Bruins Searching for Answers, and a Few Goals, Against Surprisingly Stingy Capitals Defense


Bruins Searching for Answers, and a Few Goals, Against Surprisingly Stingy Capitals DefenseBOSTON — The Bruins finished the regular season tied for second in the NHL in scoring, averaging 3.17 goals a game.

Through the first two games of their opening-round series against Washington, though, the Bruins have managed just two goals despite both games going into overtime, including a double-overtime marathon Saturday at the Garden when the Capitals prevailed 2-1 to even the series.

Simply put, the Bruins aren't getting the job done offensively against a surprisingly stingy Capitals defense and young goalie Braden Holtby.

"We're going to have to score some goals," Bruins center David Krejci said. "Two goals in two games –  it’s not good enough."

Identifying the problems isn't difficult. The Bruins aren't creating enough traffic in front. They aren't getting shots through the defense, and they aren't forcing the issue with their physical play. Correcting those deficiencies isn't as easy, but at least the Bruins do recognize their shortcomings and have shown an ability to overcome in the past.

"I just don't think we're playing our game, especially my line," Krejci said. "We have to find a way to help each other out there. It sometimes seems like there's one guy working, and the two others are just waiting and hoping for the puck to get a scoring chance, but it doesn't work like that. We've got to help each other out there."

The one line doing that has been the third unit of Benoit Pouliot, Chris Kelly and Brian Rolston. They have carried their late-season surge into the playoffs and have accounted for Boston's only two goals. Kelly scored the overtime winner in Game 1, and Pouliot followed up a Rolston shot that had been blocked and chipped it in over Holtby as he crashed the net to tie the game 1-1 at 12:13 of the third period on Saturday.

"I think the first game went pretty well for our line, and today was the same thing," Pouliot said. "But we've just got to score a little more."

That mostly means the rest of the forwards taking a page out of that line's book.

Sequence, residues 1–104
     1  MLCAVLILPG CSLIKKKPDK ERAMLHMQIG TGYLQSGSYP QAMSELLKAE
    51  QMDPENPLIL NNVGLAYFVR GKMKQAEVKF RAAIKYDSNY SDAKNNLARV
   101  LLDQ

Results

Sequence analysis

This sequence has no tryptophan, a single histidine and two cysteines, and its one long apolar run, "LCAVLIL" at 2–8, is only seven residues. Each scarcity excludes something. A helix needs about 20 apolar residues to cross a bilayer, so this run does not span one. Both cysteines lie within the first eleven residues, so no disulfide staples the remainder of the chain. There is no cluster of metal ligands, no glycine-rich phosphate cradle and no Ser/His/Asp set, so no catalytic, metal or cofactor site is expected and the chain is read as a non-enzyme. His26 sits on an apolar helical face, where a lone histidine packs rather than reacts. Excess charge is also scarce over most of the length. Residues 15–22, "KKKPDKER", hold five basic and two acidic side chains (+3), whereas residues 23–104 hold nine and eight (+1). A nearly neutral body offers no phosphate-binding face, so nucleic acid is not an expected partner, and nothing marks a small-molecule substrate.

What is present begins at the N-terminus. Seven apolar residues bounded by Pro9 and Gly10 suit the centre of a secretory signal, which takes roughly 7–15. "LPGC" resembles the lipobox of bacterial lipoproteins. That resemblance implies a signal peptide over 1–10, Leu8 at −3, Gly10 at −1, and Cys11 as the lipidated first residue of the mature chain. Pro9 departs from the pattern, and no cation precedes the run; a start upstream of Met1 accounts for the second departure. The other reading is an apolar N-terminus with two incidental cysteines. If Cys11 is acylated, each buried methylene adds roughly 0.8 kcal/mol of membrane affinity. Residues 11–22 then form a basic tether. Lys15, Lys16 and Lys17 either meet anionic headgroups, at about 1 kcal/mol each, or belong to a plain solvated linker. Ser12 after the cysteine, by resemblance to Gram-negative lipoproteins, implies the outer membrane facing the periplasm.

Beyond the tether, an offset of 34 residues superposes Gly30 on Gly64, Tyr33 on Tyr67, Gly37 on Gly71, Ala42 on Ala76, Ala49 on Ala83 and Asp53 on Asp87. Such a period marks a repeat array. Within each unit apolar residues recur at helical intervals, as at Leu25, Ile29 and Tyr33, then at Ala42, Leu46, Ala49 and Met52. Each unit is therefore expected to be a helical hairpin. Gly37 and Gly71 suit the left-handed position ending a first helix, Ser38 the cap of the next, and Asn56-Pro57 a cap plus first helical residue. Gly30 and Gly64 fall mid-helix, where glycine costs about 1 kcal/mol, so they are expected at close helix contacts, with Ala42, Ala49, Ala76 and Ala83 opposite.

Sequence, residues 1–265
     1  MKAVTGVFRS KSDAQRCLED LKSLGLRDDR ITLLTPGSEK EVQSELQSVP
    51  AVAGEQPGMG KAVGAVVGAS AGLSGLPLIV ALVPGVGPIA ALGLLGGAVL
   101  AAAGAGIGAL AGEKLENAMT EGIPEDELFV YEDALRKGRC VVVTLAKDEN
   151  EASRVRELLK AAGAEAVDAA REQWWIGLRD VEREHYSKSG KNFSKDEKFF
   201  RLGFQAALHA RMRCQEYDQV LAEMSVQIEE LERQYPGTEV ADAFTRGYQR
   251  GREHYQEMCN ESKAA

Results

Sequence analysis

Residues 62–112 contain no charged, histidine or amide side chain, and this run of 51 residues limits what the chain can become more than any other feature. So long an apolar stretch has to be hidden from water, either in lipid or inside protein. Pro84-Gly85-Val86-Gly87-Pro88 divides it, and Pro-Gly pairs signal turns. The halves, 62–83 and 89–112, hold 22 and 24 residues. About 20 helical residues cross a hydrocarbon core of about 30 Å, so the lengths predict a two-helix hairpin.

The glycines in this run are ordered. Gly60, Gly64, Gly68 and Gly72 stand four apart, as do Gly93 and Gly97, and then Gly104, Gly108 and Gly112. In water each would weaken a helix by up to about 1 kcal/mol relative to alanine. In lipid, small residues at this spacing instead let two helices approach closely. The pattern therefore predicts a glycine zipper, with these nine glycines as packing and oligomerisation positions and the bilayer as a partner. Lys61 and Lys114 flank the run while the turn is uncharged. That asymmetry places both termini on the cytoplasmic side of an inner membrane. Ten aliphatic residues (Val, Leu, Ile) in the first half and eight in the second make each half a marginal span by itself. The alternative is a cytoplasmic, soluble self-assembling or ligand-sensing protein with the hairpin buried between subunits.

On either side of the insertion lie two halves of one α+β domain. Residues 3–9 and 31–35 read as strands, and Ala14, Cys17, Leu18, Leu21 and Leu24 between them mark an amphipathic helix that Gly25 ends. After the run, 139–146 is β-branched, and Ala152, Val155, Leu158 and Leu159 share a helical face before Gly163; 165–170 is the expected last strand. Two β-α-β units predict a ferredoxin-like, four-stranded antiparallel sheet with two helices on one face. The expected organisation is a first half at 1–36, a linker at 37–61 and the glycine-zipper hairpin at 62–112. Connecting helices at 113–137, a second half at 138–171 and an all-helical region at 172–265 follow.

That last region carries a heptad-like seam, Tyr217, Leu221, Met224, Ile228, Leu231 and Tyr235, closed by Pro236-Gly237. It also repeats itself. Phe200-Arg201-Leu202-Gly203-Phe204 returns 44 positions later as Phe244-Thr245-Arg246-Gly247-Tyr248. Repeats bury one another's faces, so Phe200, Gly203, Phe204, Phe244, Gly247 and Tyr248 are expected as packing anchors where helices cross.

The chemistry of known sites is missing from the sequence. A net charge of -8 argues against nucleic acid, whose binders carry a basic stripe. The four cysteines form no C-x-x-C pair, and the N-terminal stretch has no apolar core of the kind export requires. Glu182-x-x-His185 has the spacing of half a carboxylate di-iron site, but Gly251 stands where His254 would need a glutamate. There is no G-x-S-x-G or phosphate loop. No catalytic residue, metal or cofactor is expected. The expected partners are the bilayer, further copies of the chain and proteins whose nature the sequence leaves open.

"They are [attacking], and so is our fourth line," Bruins coach Claude Julien said. "They're putting pucks at the net, and they're going to the net. Some of the other guys or lines are trying to be a little too cute, and it ends up with, at the end of it, it ends up with nothing. Nothing to show for it. So, need to be a little bit more of a gritty team determined to, like I said, go to the dirty areas, win the battles, because as you can see after two games, that's what it's going to be. It's going to be a matter of winning battles."

The Bruins won more of those battles on Thursday, outhitting Washington 40-29 and wearing down the Capitals defense a bit. That was reversed Saturday, when the Capitals held a 41-36 edge in hits and more than matched Boston’s physical presence.

"I don't think we played the way we wanted to the entire game," Bruins defenseman Greg Zanon said. “We did some good things. We've got to get back to playing our hockey. We were playing physical but I don't think as physical as we did in the first game. So we've got to get back to playing our way."

The Bruins need to get their top two lines going, but that will take a team effort, and even the blueliners have to do their part.

"I think the D's can do a little better job in the transition and just move the puck up quicker and just get going," Bruins defenseman Dennis Seidenberg said. "On the offensive side we just have to get pucks in front of the net, like we always talked about with guys going there, and picking up the rebounds. So, we all know what to do, and I think it's no secret."

Holtby had never started a playoff game before Thursday, but any edge the Bruins may have had because of that inexperience is long gone as he's survived his baptism by fire with 72 saves on 74 shots in two sudden-death pressure-cookers. He’s had help, too, with the Capitals blocking 49 shots in front of him, including 27 on Saturday.

Washington has played the rope-a-dope style well, earning the split in Boston to take away the Bruins' home ice advantage as their patient approach has paid off. The Bruins need to get them out of that comfort zone and get back to their aggressive style to punish the Capitals both physically and on the scoreboard.

"I think, obviously, we can be better with our offensive game," Julien said. "They just sit back. They play a patient game. They sit back, and they get into their 1-4, and if you want to get cute in the neutral zone, then you're not getting pucks in. But it took us two periods to get ourselves going and get some more opportunities, and instead of using our outside speed and everything else, we just kind of made it easy on them. And, you know, at this stage of the year, you would like to see more net-front traffic, and you would like to see that puck going to the net a little bit more with guys heading in that direction, and we don't have a good enough commitment in that area right now to win hockey games."

The Bruins will need to find that commitment, and a few more goals, in Washington next week if they want to enjoy another extended postseason run.

Have a question for Douglas Flynn? Send it to him via Twitter at @douglasflynn or send it here. He will pick a few questions to answer every week for his mailbag.

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